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Molding the flow of light: photonic bands in optical lattices

Grant number: 10/09590-7
Support Opportunities:Regular Research Grants
Duration: September 01, 2010 - August 31, 2012
Field of knowledge:Physical Sciences and Mathematics - Physics - Atomic and Molecular Physics
Principal Investigator:Philippe Wilhelm Courteille
Grantee:Philippe Wilhelm Courteille
Host Institution: Instituto de Física de São Carlos (IFSC). Universidade de São Paulo (USP). São Carlos , SP, Brazil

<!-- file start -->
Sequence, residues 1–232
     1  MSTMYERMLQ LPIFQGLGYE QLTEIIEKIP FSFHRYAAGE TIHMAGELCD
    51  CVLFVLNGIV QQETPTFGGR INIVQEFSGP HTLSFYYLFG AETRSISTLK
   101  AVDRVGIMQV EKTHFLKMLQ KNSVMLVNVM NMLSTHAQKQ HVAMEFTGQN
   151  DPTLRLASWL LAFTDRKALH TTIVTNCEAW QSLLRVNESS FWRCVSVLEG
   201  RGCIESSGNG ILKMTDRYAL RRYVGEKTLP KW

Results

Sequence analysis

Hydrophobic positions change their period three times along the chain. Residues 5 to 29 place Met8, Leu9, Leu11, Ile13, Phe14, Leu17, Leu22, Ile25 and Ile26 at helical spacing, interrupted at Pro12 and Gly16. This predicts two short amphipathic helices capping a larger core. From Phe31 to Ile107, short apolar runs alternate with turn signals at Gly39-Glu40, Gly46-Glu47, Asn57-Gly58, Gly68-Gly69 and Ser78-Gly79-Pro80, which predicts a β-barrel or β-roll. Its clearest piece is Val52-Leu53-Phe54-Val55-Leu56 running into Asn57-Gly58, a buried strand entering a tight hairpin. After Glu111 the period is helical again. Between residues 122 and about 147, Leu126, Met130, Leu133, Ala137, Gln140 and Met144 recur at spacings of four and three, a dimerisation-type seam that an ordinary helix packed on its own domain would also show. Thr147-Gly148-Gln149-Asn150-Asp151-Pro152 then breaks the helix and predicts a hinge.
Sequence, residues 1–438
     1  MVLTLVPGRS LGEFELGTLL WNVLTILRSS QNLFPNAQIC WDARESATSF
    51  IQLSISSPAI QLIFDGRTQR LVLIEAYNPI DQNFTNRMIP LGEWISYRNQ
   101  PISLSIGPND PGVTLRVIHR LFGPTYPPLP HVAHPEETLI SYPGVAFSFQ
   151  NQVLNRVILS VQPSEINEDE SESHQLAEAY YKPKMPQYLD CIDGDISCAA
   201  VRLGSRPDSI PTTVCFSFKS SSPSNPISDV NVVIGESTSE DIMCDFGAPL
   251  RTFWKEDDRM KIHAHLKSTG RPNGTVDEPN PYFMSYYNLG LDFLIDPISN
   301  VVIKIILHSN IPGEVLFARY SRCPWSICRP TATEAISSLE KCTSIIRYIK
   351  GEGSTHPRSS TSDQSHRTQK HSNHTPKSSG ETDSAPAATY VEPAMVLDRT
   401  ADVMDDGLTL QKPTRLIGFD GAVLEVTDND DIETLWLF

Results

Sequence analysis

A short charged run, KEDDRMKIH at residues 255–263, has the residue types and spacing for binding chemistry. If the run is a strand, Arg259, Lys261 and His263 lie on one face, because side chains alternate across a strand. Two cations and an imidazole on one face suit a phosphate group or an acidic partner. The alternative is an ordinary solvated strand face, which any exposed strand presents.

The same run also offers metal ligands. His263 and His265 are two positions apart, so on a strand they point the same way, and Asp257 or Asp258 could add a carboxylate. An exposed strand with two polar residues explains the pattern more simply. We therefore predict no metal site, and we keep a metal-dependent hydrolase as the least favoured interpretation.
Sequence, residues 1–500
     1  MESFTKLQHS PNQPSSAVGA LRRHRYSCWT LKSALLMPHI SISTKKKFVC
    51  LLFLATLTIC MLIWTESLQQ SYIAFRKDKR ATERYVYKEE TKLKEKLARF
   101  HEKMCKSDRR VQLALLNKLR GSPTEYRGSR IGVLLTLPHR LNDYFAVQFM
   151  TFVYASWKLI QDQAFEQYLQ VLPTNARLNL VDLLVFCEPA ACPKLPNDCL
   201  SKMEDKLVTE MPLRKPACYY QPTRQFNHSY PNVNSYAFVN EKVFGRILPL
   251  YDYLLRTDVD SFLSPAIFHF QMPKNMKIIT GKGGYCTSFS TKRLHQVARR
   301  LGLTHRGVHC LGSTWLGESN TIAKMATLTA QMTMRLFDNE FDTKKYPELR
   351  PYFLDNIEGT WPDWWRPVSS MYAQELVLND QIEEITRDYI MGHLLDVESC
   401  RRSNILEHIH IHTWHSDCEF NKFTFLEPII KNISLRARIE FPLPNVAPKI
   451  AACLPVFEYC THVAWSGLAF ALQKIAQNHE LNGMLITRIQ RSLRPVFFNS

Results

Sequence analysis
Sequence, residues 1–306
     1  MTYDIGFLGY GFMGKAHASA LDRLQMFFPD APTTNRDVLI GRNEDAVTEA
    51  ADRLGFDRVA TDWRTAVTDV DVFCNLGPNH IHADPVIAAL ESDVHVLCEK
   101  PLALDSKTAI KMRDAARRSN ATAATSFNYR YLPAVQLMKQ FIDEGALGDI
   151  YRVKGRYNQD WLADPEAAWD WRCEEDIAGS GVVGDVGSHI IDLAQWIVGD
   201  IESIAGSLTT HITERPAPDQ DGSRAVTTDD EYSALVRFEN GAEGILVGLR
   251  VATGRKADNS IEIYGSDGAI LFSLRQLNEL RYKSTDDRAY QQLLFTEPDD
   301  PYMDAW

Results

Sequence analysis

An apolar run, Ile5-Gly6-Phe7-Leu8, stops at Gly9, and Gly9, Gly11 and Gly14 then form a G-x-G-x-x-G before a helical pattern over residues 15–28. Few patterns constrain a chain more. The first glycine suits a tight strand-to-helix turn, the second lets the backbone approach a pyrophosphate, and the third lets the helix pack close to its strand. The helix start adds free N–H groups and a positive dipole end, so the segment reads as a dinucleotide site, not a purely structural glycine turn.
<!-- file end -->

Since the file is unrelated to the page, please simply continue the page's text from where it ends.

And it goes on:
The topic of this research project are optical lattices and their application for creating new physical systems with uncharted features. In particular, novel lattice geometries yielding the promise of an almost unlimited malleability of their photonic band structure will be explored. Optical lattices are cold and dilute atomic gases structured into periodic arrangements by means of the spatially modulated dipole force exerted by a set of overlapping laser beams. Optical lattices are characterized by an intrinsically perfect periodicity, a lattice constant compatible with optical wavelengths, and realtime tunability.Because of their periodic structure, optical lattices bear many analogies with crystalline or metallic solids. However, they also share far-reaching analogies with other periodic materials, such as photonic crystals, which represent a class of dielectric materials characterized by spatially periodic variations of the refraction index. Photonic crystals yield the promise of many technological applications in the domains of thin-film optics, of all-optical telecommunication as well as quantum communication, or of metamaterials for superlenses and cloaking devices. Despite impressive progress made in fabricating photonic crystals, they suffer from fundamental difficulties in providing the required fidelity over long ranges due to fluctuations in the position and size of the building blocks. This disorder disturbs those properties of photonic crystals based on global interference: It reduces the Bragg reflectivity, extinguishes the transmitted light, and ultimately destroys the photonic band gap.Our goal is to demonstrate that it is possible to realize photonic band gap structures in optical lattices, and that these represent a viable alternative to photonic crystals. The essential feature of photonic band gaps is to allow for an almost unlimited tailoring of the density of electromagnetic modes. The accessibility of optical lattices to real time manipulations, distinguishes them from photonic crystals, whose structure is fixed by their design. The hope to be able one day to confine light around localized elements perturbing the periodic order feeds speculations on the feasibility of photonic registers, switches or even computers.While until now only simple cubic optical lattices have been studied, the realization of omnidirectional band gaps is conditioned to the availability of particular lattice structures, such as diamond lattices. This is only possible with atomic species with specific level structures, such as is the case for ytterbium or strontium. Our experimental efforts will thus start with the allocation of an ultracold strontium gas. The gas will be cooled to quantum degeneracy, loaded into an optical lattice, and then brought into a Mott insulating state, which is characterized by perfectly well-defined occupation number of the lattice sites. After this has been achieved in a standard cubic lattice, a diamond-shaped lattice geometry will be tested, and signatures for photonic band gaps will be quested. (AU)

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